Massacre at Walnut Creek
In April 1973, floodwaters of Walnut Creek, near Great Bend, exposed human bones in the creek bank. The Barton County sheriff was called to the site and he confirmed that several skeletons were present. News broadcasts suggested that an undiscovered mass murder had been revealed. Historical Society archeologists, suspecting that a different story was unfolding, searched 19th century archives and meticulously excavated the skeletons. The remains of 10 adult males were discovered. Steel arrow points, some embedded in human bones, proved that this was indeed a massacre but not a recent one.
On the night of July 17, 1864, 30 teamsters with 30 wagons were encamped about seven miles east of Fort Zarah. This fort was a small military outpost located near the Walnut Creek crossing of the Santa Fe Trail to protect wagon trains from attacks by Kiowas, Comanches, and Arapahos. A military escort had accompanied the teamsters to Council Grove but had then returned to Fort Leavenworth with assurances that the trail was safe because of recent treaties.
A band of Kiowas had trouble with soldiers at Fort Larned on July 17 and they stole most of the fort's livestock and wounded a soldier. At about 10 a.m. July 18, 125 young Kiowa warriors attacked the 30 wagons that were then about one mile from Fort Zarah. The teamsters had few firearms and no military escort, in spite of the fact that they were under military freighting contracts. The soldiers at Fort Zarah witnessed the battle and attempted a rescue but were forced to turn back when they realized that a larger party of Kiowas was nearby. Albert Gentry, a surviving teamster, was the only armed freighter. With his smooth bore firearm, he accounted for the only Kiowa casualty and escorted a number of teamsters to the fort. Another freighter, armed with a bullwhip, kept the Kiowas at a distance until his small party could reach safety.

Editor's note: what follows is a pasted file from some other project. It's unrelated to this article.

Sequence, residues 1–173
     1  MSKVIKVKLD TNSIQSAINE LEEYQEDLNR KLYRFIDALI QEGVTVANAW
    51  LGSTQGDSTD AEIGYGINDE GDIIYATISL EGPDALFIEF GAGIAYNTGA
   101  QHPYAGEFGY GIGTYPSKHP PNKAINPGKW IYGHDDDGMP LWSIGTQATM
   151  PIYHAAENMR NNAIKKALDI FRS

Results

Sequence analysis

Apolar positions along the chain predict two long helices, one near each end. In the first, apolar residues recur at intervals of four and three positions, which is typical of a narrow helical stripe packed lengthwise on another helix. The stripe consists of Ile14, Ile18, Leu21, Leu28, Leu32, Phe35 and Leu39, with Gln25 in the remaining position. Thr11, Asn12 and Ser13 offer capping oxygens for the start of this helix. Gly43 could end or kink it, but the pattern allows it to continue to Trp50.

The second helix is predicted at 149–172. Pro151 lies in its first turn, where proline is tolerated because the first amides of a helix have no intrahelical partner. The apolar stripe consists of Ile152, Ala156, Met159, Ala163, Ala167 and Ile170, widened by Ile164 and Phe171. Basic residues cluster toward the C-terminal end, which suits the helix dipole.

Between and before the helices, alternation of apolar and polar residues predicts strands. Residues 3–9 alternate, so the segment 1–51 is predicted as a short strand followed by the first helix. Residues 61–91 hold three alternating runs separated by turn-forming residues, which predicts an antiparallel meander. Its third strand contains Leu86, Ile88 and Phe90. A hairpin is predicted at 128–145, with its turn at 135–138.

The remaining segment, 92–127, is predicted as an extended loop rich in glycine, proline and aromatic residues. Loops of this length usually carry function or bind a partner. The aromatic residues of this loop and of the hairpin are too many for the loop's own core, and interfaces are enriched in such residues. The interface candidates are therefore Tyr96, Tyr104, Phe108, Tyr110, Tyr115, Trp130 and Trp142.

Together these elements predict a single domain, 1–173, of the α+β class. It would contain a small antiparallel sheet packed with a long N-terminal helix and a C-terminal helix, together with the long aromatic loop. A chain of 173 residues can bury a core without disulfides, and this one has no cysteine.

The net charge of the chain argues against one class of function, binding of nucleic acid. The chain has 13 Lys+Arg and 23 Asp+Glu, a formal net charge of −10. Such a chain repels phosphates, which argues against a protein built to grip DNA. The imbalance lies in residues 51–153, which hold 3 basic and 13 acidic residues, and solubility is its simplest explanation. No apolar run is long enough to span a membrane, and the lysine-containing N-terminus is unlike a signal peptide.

When the civilians and soldiers eventually went out to recover the bodies of their slain companions, they found the wagons plundered and 12 seemingly lifeless victims. Ten men were indeed dead, but two were alive, though scalped and severely wounded. The dead were buried in two graves near the crossing and it was these bones that had unveiled the massacre that was 140-year-old at the time the remains were exposed by the flood. Robert McGee, one of the scalped survivors, was 14 years old when the attack took place. He exhibited his scalped skull as a sideshow attraction for many years.
Relations between Native Americans and whites were tense for most of the 19th century. Nomadic tribes native to the central United States signed treaties that forced them to give up their claims to lands they and their ancestors had roamed for hundreds of years. Eastern tribes were relocated to lands in the area that became Kansas in the 1830s and 1840s and most were relocated to Indian Territory (Oklahoma) when Kansas Territory was created and opened to white settlement in 1854. A few tribes retained reservations in Kansas but the number of acres they owned was reduced drastically.
Entry: Massacre at Walnut Creek
Author: Kansas Historical Society
Author information: The Kansas Historical Society is a state agency charged with actively safeguarding and sharing the state's history.
Date Created: December 2004
Date Modified: March 2013
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